As a former designer of automated machinery, I prefer to stay a stranger to danger by using machine guarding. It keeps the operators safe from my machine and it keeps me safe from litigation. However, since I always want my design to closely approximate what the final product will look like, I don’t want my guarding to be an exception. In this case, I’m using a mesh screen, and I’ve modeled it up using the specs from my supplier. However, my rebuild times are getting pretty bad, since it’s a big machine and has lots and lots of guarding, so I want to use a better method.
Thus far, I’ve created a sketch of a circle with my wire diameter, then used a Linear Sketch Pattern to make the sketch for my vertical wires, then repeated the process for my horizontal wires. Let’s see what I come up with:
That was amazing! Of course, the drawback to the last method I mentioned is that in my detailed drawing, it will not display the mesh because drawings can’t use RealView Graphics. However, even with the 0.17s rebuild time, I’m still far better off than when I started.
If I had done the same thing with the Feature Pattern, the result would have been even better (see screenshot below). Of course, this would have meant editing the pattern to use bodies instead of features.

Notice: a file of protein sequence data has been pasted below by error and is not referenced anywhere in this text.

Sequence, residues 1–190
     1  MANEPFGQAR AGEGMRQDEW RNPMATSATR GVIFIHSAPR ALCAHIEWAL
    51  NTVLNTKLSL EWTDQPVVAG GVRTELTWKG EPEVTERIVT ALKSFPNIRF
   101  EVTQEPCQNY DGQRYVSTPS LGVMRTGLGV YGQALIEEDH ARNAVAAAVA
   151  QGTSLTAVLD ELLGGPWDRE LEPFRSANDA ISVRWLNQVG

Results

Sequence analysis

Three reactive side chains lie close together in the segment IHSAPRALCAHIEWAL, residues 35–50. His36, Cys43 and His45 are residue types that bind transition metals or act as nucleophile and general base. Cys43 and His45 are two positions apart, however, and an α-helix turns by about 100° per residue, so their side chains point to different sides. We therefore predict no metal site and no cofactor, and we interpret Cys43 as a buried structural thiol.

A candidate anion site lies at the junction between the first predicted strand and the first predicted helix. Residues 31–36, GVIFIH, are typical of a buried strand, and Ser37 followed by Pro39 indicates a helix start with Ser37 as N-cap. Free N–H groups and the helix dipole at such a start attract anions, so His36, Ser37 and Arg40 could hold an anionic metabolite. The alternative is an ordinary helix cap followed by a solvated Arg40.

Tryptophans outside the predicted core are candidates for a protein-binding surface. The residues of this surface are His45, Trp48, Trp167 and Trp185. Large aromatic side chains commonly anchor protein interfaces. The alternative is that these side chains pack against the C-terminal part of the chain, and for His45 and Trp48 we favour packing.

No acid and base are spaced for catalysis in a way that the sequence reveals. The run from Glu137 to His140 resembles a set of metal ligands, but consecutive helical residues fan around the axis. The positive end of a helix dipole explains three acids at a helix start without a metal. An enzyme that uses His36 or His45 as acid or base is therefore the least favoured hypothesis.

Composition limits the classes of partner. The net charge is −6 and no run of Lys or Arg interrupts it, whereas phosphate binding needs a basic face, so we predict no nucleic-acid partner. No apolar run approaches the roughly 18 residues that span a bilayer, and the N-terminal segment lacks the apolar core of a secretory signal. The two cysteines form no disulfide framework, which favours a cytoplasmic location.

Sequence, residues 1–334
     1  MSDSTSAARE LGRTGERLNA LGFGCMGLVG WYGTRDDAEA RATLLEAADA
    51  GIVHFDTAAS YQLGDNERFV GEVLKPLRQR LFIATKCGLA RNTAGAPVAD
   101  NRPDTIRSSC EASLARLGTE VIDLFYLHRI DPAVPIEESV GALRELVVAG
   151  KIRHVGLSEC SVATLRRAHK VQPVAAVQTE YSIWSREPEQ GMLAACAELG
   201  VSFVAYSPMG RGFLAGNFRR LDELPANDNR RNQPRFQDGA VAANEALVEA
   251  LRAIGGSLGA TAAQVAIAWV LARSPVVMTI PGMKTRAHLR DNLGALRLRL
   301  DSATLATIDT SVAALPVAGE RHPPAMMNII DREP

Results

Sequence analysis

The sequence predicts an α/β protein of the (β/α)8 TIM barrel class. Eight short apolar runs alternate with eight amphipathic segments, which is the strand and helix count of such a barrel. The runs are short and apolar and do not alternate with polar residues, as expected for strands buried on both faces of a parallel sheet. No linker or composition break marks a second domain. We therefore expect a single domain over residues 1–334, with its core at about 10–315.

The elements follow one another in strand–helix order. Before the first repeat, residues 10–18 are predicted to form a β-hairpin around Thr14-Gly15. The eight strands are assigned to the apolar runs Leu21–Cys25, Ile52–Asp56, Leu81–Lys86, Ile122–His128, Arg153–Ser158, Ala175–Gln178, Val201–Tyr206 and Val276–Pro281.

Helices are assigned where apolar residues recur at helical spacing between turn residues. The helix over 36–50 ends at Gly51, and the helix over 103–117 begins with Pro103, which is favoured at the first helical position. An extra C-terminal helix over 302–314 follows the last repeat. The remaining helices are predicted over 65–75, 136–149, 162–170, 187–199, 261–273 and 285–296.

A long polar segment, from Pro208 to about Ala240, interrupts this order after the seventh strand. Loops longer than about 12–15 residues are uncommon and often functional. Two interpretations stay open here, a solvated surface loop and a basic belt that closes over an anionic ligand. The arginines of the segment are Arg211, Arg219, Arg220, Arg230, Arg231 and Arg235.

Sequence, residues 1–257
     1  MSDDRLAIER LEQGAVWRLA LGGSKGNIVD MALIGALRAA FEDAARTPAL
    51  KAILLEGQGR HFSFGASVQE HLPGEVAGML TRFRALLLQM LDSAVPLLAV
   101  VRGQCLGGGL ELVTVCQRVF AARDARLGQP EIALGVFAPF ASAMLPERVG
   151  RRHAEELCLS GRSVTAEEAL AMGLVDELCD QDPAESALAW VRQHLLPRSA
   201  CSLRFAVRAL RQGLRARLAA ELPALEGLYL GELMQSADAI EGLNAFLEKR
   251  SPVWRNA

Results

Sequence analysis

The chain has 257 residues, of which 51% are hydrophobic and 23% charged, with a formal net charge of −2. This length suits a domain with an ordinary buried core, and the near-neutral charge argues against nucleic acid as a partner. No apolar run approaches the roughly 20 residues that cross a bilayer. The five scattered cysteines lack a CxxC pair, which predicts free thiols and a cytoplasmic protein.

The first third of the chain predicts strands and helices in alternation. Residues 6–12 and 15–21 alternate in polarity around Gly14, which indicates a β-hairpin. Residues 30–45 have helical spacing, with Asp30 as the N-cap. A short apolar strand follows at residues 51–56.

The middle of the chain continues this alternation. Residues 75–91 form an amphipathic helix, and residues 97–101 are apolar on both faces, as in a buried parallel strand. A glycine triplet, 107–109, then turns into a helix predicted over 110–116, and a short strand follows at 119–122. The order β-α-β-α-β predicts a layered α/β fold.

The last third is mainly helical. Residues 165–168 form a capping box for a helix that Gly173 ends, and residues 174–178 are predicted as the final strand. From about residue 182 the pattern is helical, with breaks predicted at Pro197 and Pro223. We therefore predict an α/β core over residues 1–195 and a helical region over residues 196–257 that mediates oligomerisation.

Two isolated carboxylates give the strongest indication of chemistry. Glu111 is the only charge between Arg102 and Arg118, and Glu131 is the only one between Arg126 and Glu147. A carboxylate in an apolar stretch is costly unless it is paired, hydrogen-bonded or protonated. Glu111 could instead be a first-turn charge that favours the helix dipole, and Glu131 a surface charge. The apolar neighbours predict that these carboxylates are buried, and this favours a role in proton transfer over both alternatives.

It’s also worth mentioning the file size of the parts vary in the same way. Sketch vs Feature pattern with Merge Entities on: (4.1 MB vs 3.8 MB). Sketch vs Feature pattern with Merge Entities off: (629 kB vs 522 kB). Basic flat plate with Appearance applied: 142 kB.
Considering that the machine I’m guarding needs a 2m high fence and has a perimeter of 9m, that’s 18m², which brings a whopping 63 seconds of rebuild time (just for guarding, to say nothing of the machine itself) down to a modest 0.9 seconds (using the Feature Pattern with Merge Entities off). So much for my coffee break.